Poems eBook

Denis Florence MacCarthy
This eBook from the Gutenberg Project consists of approximately 160 pages of information about Poems.


Once more between its walls of pines
I see the long ravine expand
To where the ice-world’s crystal lines
Define the realm of Switzerland.

Once more, a thousand feet below,
I watch the river’s silver sheen,
As, foaming in its fettered flow,
It rushes from the Engadine.

Forever young, forever old,
This gorge, where stream with forest blends,
These glittering peaks, these glaciers cold,—­
Are all to me familiar friends.

I know, alas, their towering forms
Of unresponsive rocks and snow
Are heartless as their wintry storms,
And heed not if I come or go;

Yet none the less I love to trace
Their stainless crests along the sky,
And, as I greet each well-known face,
Each seems in turn to make reply.

So potent is the subtle spell
That clothes such masses with a mind;
So strong the instincts which impel
Their lover answering love to find!

What if in truth there really be
A soul within them to adore;
Some half-revealed Divinity,
Whose presence haunts us evermore?

Some Power, to read our hearts, and know
How this wild beauty moves our tears;
Some God that, as our spirits grow,
Shall be discerned in after years?

Instinctively did earlier man
See fauns and dryads in the trees,
And find in universal Pan
The soul of Nature’s mysteries.

All is divine,—­the bird that sings,
The flowers that bloom, the waves that roll;
One Spirit quickens men and things,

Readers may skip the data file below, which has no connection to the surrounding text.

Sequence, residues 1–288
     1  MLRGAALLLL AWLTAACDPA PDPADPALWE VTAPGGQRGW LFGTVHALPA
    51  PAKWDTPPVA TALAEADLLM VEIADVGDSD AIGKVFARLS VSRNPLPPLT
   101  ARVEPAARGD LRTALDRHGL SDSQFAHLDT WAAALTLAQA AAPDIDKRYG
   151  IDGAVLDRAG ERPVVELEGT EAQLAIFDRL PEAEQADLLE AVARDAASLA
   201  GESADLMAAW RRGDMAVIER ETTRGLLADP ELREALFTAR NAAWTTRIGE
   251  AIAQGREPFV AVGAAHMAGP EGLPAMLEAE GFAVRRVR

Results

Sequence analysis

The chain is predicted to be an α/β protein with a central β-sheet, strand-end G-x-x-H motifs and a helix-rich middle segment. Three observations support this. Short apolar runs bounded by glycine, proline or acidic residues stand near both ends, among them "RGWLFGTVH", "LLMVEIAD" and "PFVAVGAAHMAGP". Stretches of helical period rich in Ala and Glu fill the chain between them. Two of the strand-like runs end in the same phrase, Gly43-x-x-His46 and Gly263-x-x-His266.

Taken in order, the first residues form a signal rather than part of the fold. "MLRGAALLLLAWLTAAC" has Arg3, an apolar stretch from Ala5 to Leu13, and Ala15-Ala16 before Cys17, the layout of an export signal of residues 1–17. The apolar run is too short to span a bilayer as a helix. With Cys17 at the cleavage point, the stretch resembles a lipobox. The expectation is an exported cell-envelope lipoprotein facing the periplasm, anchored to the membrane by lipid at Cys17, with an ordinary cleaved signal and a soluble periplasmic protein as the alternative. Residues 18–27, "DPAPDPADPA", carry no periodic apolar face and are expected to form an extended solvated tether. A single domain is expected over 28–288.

And stirs alike the sun and soul.

Great Nature’s God! however styled,
I love thee, and upon thy breast
Would gladly lie,—­a grateful child,
And, dying, trust thee for the rest.


Already ’neath the morning star
The shrine, by Juno’s favor blest,
Had flashed its whiteness from afar,
Resplendent on a mountain’s crest,
Along whose base the ocean rolled
A flood of sapphire, flecked with gold.

In twilight still the shore remained;
But, toiling upward through the night,
A wistful mother had just gained
The summit of the sacred height,
Where Juno’s far-famed statue stood,—­
Palladium of motherhood.

At her approach the bolts were drawn,
And inward swung the temple gate,
Revealing in the light of dawn
The marble form immaculate,
The effigy of heaven’s queen,
Sublime, beneficent, serene.

Slow-moving and with fluttering heart,
The youthful matron onward passed
To where that masterpiece of art
Repaid her arduous toil at last;
As, gazing through a mist of tears,
She realized here the dream of years.

Beside her, one on either hand,
Two little children stood in fear,
Unable yet to understand
The reason of their coming here;
Both beautiful in form and face,
True types of the Hellenic race.

Project Gutenberg
Poems from Project Gutenberg. Public domain.
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